Druze Leader Rules out Any Reconciliation Talks with Gemayel
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Druze Leader Rules out Any Reconciliation Talks with Gemayel

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Lebanese Druze leader Walid Jumblatt said today that he will not attend the “reconciliation conference” convened by President Am in Gemayel to pave the way for a peaceful takeover by the state of the Shouf mountains after Israel’s withdrawal.

Jumblatt, speaking on the French radio from Damascus, ruled out any negotiations between his forces and Gemayel whom he accused of preparing “a new Sabra and Shatila massacre.”

Jumblatt charged Gemayel with having used the army in order to strengthen the influence of the Christian Phalangists. He said “Gemayel has turned the national army (state-controlled) into just another, better armed, Christian militia.”

Observers in Paris believe that Jumblatt’s refusal to attend the conference, which Gemayel hoped to convene this weekend, spells its doom as other Lebanese opposition leaders, such as former President Suleiman Franjieh and former Premier Rashid Karami, will probably follow suit. The Shiite Amal leader, Nabih Berri, known for his close contacts with the Druze forces controlled by Jumblatt, will probably also boycott the meeting.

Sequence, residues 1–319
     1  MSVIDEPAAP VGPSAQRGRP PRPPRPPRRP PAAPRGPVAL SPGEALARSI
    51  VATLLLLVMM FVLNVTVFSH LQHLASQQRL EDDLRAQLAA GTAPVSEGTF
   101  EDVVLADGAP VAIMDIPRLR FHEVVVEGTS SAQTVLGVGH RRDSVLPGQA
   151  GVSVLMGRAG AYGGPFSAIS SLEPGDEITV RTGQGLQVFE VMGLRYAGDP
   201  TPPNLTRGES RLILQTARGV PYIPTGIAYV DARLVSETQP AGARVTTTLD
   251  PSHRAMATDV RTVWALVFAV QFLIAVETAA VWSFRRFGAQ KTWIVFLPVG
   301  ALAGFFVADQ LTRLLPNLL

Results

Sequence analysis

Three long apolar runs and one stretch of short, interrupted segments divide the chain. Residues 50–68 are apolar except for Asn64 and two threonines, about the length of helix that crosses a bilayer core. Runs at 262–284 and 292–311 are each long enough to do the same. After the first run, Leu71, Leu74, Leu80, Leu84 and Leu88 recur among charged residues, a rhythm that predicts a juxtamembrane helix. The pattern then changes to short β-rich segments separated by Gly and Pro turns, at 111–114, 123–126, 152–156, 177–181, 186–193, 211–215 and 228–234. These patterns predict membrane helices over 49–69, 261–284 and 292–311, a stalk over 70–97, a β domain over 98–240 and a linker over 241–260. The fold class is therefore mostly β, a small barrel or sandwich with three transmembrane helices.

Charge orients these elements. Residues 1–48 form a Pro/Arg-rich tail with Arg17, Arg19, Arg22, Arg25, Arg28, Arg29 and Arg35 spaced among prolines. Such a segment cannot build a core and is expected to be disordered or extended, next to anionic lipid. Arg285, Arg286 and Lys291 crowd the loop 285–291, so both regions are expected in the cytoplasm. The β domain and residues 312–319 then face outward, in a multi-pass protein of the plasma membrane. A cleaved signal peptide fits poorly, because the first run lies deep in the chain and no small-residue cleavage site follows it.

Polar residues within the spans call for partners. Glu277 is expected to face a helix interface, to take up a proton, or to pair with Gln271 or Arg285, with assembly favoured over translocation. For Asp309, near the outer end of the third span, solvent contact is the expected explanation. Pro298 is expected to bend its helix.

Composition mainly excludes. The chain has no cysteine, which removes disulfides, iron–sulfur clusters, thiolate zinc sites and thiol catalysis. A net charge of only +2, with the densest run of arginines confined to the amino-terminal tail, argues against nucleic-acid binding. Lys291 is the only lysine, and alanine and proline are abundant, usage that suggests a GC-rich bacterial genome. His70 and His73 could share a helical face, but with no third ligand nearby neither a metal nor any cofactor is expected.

Meanwhile, reports from the Shouf area say the Lebanese army victory in regaining control in Beirut has served to stiffen Druze determination to resist the area’s takeover after the Israel Defense Force withdraws.

The French expect fighting to intensify in the Shouf area and today ordered one of their main units, the aircraft carrier Foch to Lebanon where it will be stationed off Beirut, joining up with the U.S. carrier Eisenhower and several French cruisers.

President Francois Mitterrand also dispatched today one of his closest advisors, Francois deGrossouvre, to Beirut to try to mediate between Gemayal and the opposition. Grossouvre attended last weekend’s tripartite talks between Jumblatt, Gemayel’s representative and U.S. special envoy Robert McFarlane.

Mitterrand told his government yesterday that France wants to avoid “getting bogged down” in a Lebanese civil war but will continue to fulfill its obligations within the multinational force. France has 2,200 men in the force, which includes the U.S., Britain and Italy. An estimated 100 Lebanese soldiers were killed and hundreds wounded in the fierce fighting in the Beirut area in the past four days.

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